October 16, 2018 | ° F

RAYMOND-GARCIA: Effective Trump opposition starts with your mental health


Opinions Column: A Ray of Esperanza


It’s only been 13 days since the election results rolled in — 13! It feels like the world was turned on its head and has not been balanced ever since. Within the past two weeks, we have all felt a noticeable shift in our own and others’ behavior. In that time, I have managed to feel every emotion associated with unhappiness and anger one can think of and cycle through most of the stages of grief. Those who will be undeniably affected by Donald Trump being chosen as the President-elect have felt some variation of the same spectrum of emotion.

What has become apparent is that I am not just feeling a sense of loss for myself, but a collective loss for the people around the world who are genuinely fearful for their lives, and with good reason. There is a heaviness that has blanketed our ability to cope with a reality that is still so unsure, that could very literally spell the end for some.

There are people who will not nor cannot accept the fact that Donald Trump will take over the Oval Office and, in effect, be the most powerful man in the world on Jan. 20, 2017. Their reasoning being that if they accept such a fact, it will make them feel as if they are being complicit with the social injustices that are meant to keep people of color, queer individuals, women and other groups who have been historically marginalized for centuries at the bottom of the food chain. On the other hand, others are intensely accepting this fact, and in doing so, are using it as fuel to fire their passion to take down the multiple and intersecting systems of oppression that made Donald’s ascension to the highest political office in the world possible. Regardless, we are going to and should be working overtime to ensure that this man, his agenda and all of his supporters are unable to continue and worsen the systems of global imperialism and capitalism. Until we can individually and collectively mourn such a loss, however, we will not be able to be effective in doing so.

While it was incredibly optimistic for many of us to believe that we would soon have our first Madame President, we should have known better given the fact that a black man held the highest office for not just one, but two terms. Breaking two glass ceilings in such a short amount of time was something we should not have had such high expectations to happen. The idea of an individual who is KKK-endorsed, racist, white nationalist-supported, sexist, xenophobic, bigoted, misogynistic, anti-immigrant, anti-climate change, etc., taking control of the oval office is something those of us mourning surely did not want. While Donald Trump is someone who should most definitely be feared, we should also be careful of the individuals who support and promote all of the things Trump represents. They are the ones who interact with us every day, and, if provoked, can very well be a serious danger to our personal safety, as demonstrated by acts throughout the country.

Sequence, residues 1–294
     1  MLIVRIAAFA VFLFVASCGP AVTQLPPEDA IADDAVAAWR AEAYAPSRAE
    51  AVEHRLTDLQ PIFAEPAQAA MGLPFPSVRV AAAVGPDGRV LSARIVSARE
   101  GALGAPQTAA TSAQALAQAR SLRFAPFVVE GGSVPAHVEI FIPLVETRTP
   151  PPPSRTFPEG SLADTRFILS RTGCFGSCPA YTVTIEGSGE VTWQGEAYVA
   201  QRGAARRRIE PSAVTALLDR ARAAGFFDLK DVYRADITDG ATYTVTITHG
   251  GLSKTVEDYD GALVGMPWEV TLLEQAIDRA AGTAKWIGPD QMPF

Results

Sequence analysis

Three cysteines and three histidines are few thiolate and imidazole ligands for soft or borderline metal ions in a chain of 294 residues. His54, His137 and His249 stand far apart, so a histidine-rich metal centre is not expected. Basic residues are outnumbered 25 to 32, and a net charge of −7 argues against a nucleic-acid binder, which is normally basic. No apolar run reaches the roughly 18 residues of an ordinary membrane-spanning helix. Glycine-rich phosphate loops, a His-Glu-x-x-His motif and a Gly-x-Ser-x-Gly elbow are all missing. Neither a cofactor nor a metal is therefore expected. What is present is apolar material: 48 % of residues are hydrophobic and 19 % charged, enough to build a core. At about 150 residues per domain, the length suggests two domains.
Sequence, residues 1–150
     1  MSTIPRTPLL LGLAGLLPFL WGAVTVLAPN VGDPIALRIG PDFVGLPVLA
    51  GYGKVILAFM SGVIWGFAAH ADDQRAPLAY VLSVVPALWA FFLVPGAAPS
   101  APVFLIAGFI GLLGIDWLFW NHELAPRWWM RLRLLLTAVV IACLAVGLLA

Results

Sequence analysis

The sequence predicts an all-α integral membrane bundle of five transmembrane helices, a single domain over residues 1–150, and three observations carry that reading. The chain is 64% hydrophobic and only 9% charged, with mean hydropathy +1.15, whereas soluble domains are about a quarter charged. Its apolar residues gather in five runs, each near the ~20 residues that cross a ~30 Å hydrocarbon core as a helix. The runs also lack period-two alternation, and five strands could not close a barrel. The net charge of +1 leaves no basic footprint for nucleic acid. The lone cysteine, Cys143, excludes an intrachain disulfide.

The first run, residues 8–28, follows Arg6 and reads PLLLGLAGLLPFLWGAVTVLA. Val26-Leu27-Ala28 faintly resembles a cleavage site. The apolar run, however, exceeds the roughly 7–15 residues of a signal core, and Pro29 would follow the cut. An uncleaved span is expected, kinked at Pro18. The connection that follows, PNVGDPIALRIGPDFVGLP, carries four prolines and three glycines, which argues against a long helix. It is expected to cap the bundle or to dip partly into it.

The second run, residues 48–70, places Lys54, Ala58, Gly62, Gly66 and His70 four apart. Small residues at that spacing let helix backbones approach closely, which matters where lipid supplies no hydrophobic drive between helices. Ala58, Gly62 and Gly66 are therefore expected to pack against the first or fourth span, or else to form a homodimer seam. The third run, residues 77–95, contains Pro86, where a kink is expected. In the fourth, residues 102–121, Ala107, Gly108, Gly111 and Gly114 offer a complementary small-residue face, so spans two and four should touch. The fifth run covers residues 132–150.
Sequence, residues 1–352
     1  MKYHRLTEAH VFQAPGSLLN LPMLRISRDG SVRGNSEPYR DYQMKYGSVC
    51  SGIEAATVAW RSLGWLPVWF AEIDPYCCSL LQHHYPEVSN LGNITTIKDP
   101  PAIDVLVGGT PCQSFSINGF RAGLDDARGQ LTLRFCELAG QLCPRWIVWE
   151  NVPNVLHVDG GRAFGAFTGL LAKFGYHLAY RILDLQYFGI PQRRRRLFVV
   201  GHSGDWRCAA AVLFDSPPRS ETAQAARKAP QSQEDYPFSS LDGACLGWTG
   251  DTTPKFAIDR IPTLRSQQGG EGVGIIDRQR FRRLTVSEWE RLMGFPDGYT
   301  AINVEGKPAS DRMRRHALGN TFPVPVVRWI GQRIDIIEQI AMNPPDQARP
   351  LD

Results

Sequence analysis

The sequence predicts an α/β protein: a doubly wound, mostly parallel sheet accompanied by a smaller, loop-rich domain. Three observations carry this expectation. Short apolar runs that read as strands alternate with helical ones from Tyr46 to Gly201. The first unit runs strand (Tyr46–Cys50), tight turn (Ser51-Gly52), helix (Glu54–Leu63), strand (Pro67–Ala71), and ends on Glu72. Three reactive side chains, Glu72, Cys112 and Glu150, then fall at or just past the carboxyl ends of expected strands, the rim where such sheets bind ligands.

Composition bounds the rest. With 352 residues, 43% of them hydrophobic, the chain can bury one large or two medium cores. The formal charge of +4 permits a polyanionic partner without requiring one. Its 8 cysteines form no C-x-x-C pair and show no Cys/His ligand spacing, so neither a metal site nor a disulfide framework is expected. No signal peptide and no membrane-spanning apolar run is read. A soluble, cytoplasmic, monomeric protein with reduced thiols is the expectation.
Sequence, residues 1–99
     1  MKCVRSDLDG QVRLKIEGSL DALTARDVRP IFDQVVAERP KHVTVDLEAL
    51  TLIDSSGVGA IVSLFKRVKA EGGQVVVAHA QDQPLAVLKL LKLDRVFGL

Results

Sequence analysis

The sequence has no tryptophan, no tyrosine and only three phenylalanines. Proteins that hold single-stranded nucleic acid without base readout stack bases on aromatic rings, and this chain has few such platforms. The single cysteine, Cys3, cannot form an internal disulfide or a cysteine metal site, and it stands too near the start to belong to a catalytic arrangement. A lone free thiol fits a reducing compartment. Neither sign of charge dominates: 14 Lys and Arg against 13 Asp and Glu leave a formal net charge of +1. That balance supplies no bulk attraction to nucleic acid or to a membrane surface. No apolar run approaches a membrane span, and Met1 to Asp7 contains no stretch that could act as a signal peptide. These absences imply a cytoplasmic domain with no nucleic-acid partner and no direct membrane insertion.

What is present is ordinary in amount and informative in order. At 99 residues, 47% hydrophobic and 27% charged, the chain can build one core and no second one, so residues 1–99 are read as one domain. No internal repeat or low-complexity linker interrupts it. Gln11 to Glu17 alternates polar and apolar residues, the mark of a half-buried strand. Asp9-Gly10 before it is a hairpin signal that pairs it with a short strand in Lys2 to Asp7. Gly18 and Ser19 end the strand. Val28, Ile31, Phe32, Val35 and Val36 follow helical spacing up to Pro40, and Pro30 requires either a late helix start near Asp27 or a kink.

All of this is to say that your grief is real and valid. During the next few weeks, do not accept anyone telling you otherwise. Grief usually kicks in when we have lost a considerable amount of hope in something we were once so optimistic about, that we felt we had so much reason to believe would become truth. There will most definitely be people who, after telling them the reason you have not been yourself lately is because of the election results, will try to invalidate and erase your legitimate concerns. Understand that these particular moments will show you who you should and should not keep around, and you should most certainly not feel the need to rush through your process of grieving. It is important to take the necessary steps to get over the shock and the sense of loss you feel on an individual and collective level because not letting yourself properly address these feelings will only prolong the process. If you take your time, are patient with yourself and do not allow the internalization of others invalidating your feelings, you will be able to start coping better eventually. We are going to need every person possible to take part in the movement against all things hateful after this historic blow, but you need to take care of yourselves and your loved ones first.

Vanessa Raymond-Garcia is a School of Arts and Sciences senior majoring in women’s and gender studies with a minor in public policy and a dual candidate for a master’s in public policy. Her column, "A Ray of Esperanza," runs on alternate Mondays.


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Vanessa Raymond-Garcia

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